NBC NEWS – As more Americans are being diagnosed with multiple chronic health problems at younger ages, for the first time, the American Heart Association is identifying a new medical condition that reflects the strong links among obesity, diabetes and heart and kidney disease.
According to an advisory released Monday, the goal in recognizing the condition — cardiovascular-kidney-metabolic syndrome, or CKM — is to get earlier diagnosis and treatment for people at high risk of dying from cardiovascular disease.
“Reducing the pipeline of individuals progressing to heart disease is our primary goal,” said the lead author of the advisory and an accompanying statement, Dr. Chiadi E. Ndumele, the director of obesity and cardiometabolic research in the division of cardiology at Johns Hopkins University.
Right now, “we’re seeing the health consequences of all these conditions interacting and leading to earlier presentations with heart disease,” Ndumele said. Naming and describing CKM are “really a paradigm change.”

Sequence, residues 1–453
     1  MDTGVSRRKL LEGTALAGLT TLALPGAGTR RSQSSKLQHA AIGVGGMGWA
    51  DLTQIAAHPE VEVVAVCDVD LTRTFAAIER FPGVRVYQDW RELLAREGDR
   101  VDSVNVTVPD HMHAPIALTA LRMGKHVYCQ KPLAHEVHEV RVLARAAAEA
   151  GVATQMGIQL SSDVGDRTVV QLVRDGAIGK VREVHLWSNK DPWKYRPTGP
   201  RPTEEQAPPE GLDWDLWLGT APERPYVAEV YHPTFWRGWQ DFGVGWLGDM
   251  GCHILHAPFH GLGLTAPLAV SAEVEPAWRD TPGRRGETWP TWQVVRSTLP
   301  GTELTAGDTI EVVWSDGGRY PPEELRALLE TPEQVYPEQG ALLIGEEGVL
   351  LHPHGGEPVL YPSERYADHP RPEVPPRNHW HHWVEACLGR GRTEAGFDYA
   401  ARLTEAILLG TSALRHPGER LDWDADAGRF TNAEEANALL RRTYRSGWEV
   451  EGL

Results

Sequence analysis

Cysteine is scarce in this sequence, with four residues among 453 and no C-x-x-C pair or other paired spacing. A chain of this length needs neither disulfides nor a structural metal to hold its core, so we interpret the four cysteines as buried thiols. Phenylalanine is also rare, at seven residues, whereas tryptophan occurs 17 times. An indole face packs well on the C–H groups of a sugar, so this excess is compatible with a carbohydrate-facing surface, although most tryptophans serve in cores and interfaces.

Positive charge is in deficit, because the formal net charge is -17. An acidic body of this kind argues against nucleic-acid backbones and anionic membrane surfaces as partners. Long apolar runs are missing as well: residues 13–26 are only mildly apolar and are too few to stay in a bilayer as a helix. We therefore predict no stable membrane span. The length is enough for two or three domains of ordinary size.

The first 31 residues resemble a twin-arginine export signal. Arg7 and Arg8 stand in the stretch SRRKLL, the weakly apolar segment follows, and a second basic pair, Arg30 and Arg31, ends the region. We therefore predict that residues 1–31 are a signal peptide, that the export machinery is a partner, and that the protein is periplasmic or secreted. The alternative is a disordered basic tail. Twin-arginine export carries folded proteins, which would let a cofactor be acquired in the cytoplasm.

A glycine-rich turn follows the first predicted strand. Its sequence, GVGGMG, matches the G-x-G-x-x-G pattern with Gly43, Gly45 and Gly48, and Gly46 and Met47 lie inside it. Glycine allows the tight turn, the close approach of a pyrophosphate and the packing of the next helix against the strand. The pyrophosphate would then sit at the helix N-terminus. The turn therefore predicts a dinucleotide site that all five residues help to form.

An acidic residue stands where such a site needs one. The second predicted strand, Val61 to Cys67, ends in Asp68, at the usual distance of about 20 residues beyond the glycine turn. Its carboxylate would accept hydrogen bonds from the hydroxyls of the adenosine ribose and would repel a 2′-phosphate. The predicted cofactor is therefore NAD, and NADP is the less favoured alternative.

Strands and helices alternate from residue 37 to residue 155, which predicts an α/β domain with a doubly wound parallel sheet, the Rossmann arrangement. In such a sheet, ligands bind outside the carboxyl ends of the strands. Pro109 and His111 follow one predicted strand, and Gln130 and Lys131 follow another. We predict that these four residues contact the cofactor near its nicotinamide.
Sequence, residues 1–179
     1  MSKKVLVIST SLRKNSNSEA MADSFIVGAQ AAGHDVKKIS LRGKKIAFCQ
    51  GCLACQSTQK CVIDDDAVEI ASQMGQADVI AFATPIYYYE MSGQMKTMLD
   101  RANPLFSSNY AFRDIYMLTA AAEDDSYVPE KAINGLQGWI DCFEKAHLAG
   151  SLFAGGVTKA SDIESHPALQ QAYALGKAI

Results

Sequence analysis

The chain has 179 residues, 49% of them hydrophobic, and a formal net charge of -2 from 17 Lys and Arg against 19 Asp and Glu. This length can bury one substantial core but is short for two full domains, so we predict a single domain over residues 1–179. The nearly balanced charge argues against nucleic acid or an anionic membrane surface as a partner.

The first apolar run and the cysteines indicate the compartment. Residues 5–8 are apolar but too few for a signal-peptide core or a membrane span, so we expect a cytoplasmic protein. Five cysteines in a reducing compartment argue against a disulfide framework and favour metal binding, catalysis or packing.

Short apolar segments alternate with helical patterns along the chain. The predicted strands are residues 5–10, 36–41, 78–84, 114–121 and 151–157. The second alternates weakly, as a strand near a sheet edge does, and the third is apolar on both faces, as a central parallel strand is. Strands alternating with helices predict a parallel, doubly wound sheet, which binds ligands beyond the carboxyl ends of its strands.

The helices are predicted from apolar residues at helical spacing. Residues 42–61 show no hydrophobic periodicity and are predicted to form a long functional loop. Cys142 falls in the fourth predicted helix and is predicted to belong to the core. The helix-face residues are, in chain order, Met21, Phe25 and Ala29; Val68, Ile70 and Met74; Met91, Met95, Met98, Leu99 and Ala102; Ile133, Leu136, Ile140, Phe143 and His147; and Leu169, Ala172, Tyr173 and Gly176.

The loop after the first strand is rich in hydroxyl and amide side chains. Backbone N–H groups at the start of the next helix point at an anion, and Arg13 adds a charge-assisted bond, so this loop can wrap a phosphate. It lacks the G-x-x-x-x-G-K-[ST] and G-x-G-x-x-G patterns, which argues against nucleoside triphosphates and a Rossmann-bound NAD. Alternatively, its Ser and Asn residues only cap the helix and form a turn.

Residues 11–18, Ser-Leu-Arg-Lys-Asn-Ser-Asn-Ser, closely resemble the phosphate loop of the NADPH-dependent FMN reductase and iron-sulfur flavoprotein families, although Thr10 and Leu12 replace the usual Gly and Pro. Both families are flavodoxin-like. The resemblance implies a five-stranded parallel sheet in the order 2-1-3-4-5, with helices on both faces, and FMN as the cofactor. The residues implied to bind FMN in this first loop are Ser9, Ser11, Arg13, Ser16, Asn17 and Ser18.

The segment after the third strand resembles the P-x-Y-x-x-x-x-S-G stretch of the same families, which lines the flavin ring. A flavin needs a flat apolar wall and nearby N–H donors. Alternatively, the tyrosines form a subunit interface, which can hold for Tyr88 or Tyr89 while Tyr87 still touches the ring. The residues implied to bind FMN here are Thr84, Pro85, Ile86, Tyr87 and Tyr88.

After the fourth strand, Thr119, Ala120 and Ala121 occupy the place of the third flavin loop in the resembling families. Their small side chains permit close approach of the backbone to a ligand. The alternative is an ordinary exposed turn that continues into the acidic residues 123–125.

Increasing evidence shows how metabolic risk factors such as abdominal fat, high blood pressure, high cholesterol and high blood sugar can negatively affect other organs in the body.
Dr. Pam R. Taub, a cardiologist, agreed that the new approach may be a “game changer” in how doctors treat patients.
The development of new medications to treat conditions that are part of the syndrome, such as kidney disease, diabetes and obesity, has resulted in decreases in cardiovascular events and given doctors new insights into the relationship among the different organs, said Taub, a professor of medicine at the UC San Diego School of Medicine.
“It’s been eye-opening,” Taub said. CKM takes into account “what I call organ cross-talk, in which they are interacting with each other very intricately in the body.”
For example, early kidney disease can be detected in a patient’s urine sample …